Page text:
• says

      Hey Sandra,

      Giving a business a month is really a drop in the bucket. It can literally take months before you earn your first dime. It’s not like a job where the amount of time and effort will translate into income right away.

      So you have to keep that in mind about any business. I don’t think think what you’re experiencing is unique to Ameriplan. It’s just the way any business is when you’re first starting out.

      That’s why I’m always recommending people start business on passions they have. Because you’re less inclined to give up when you don’t see the sales because you’re working on a business you already have a love for.

      In terms of why I left Ameriplan, it’s part of the complaints I listed in the article above. The biggest was not being a phone person which seemed to be the only way people were succeeding. So that didn’t work for me. The other reason is I’m not passionate about the product or business itself. I’m all for helping people but not in the capacity that Ameriplan offers.

      That all said, I don’t think it’s a bad company. It’s just not right for me. And why I stuck with my free recommendation. Ultimately though it’s going to take time to see money with any business. A month is nothing in the grand scheme of things. But again, it’s harder to suck that up if you’re not passionate about the company or business.

      Either way, I hope this helps.

      Eddy with a Y not ie. LOL

    • says

      Hi Sandra,
      Just like Eddie said, with any business you start one month is really nothing to get it off the ground. While there are some people that come in and really knock the ball out of the park, not everyone will see the same success in the same amount of time. It isn’t because the opportunity doesn’t work it is just that we all bring different experiences, fears, coachability, conviction, drive, etc. to the table. The first few months in the business (and for some longer) is really a learning curve period, you are learning about the company, the plans, how to talk to prospects, how to overcome your own personal obstacles, and so on. I recommend you take a good hard look at yourself and your business and ask yourself WHY did you join in the first place? WHY do you want to build up a monthly residual, passive income? For me, I was a new mom when I joined (6 years ago) and I was driven by the reality of having to maybe put her in daycare and choose a paycheck over my child So, my point have to first have the commitment within yourself…commit to YOU and stick with yourself if you want it bad enough!!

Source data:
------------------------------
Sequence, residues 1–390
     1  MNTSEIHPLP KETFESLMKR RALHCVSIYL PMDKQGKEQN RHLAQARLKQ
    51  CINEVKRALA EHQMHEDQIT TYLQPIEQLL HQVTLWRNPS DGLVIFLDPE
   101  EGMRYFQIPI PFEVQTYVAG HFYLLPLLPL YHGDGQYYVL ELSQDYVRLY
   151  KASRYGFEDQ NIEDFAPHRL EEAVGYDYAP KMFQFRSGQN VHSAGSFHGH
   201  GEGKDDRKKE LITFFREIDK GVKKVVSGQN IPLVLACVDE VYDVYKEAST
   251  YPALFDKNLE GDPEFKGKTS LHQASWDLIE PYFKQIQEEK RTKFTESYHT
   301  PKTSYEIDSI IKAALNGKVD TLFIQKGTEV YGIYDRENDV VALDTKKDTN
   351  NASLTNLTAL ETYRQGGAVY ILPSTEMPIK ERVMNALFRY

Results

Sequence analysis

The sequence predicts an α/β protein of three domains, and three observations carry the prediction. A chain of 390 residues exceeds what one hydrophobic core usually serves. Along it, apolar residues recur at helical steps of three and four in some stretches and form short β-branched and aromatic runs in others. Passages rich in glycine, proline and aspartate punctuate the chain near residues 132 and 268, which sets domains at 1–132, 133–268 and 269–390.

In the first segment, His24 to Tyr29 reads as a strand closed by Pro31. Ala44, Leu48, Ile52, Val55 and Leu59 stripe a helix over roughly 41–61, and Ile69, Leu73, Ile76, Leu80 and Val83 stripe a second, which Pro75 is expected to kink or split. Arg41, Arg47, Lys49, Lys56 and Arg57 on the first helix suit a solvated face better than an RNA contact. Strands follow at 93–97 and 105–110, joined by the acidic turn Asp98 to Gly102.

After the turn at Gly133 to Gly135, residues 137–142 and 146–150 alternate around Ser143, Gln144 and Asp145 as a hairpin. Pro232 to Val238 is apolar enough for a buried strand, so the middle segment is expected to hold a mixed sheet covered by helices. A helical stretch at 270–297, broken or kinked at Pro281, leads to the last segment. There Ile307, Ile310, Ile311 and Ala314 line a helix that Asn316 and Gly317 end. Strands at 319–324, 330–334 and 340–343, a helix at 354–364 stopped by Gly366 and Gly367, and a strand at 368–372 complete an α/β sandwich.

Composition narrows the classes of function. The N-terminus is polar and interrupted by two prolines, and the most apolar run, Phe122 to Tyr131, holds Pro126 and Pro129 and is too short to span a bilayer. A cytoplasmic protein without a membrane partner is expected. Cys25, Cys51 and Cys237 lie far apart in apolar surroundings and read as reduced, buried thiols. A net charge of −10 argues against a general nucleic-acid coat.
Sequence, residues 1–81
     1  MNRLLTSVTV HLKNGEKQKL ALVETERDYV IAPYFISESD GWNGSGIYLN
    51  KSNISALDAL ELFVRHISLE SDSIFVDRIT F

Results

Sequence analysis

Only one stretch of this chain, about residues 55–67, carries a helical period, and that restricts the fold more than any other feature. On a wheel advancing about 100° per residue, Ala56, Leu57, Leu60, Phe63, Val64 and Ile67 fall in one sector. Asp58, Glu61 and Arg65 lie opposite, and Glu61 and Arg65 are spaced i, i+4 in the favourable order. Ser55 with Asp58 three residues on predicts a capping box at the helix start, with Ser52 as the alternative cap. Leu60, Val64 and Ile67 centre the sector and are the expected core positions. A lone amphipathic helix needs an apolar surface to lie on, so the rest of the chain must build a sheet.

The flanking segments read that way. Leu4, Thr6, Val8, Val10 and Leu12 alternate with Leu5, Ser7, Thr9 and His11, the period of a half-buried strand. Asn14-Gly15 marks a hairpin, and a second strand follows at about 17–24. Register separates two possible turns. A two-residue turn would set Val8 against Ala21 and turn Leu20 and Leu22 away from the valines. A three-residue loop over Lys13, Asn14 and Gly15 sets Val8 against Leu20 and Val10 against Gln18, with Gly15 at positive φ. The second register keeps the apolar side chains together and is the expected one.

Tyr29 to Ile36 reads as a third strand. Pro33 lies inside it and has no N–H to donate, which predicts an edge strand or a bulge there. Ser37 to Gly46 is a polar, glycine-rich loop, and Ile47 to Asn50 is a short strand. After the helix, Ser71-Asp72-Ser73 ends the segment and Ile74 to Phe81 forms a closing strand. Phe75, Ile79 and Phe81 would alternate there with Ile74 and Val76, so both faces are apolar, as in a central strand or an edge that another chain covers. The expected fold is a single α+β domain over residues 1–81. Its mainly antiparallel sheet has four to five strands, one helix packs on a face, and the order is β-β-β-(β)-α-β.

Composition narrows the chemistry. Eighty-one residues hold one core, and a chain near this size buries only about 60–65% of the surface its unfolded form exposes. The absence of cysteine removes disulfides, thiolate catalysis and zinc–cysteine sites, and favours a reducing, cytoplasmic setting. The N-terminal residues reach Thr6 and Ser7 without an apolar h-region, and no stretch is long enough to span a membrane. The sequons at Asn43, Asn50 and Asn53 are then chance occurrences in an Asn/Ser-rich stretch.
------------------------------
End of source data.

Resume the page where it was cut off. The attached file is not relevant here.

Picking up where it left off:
I have also been able to support my (now 2) children as a single mom and leave an unhealthy and unacceptable marriage…AmeriPlan truly changed my life..but trust me I worked my tail off to get where I am..but will be forever grateful!!! Jayme

  5. Sherri Cruz (D-Ret) says

    I don’t think it is a scam, per se, but I will say that it was NOT a good opportunity for me. The only “support” you will get comes from recruiting and signing up other IBOs. It somewhat bothered me that I am supposed to use “sizzle scripts” to tell prospects what a “blessing” Ameriplan is and how much money can be made when I am not making any money because I am spending my time on prospect leads. And as far as those leads, emailing them poorly written canned emails is not impressive.

    I personally think the health programs are good for those who are uninsured or underinsured, which is why I signed on. However, there is incessant pressure from your upline to recruit more, buy leads, get into lead co-ops, etc, and never-ending “training calls” (which are repetitive and more “rah-rah” sessions than actual training). When you do have time to market the health plans, you then have to buy brochures and marketing materials (which are not cheap and shipping is way overpriced). My area of interest was in marketing to small businesses who can’t afford traditional health care coverage for their employees and was getting a reasonably good response. I signed up one business with 18 employees and another with 9, as well as having a couple of other businesses schedule presentations, one with 30 employees. Now as to why I left. I get a call from one of the business owners and he is telling me that he received a call from corporate stating that someone else would be handling his business, as I am not “group certified”. Well, per the RSD, that policy of being group certified had been off the table for several years. However, apparently it IS still in the IBO Policy Manual, so either the RSD was wrong or corporate never updated their manual and the person processing these applications went by the manual. Either way, the business owner who notified me canceled and I immediately terminated my IBO. I am not sure if the other business continued or not.

    • says

      Thanks for sharing your experience with us. I agree it’s not the right opportunity for everyone. But clearly some folks are doing well and do make money with it.

      But some of the things you considered a con turned me off too. However I think if you can get past some of that stuff it’s good for some people.

      Thanks for sharing an objective and balanced opinion. It’s refreshing to see!

    • Sherri Cruz (D-Ret) says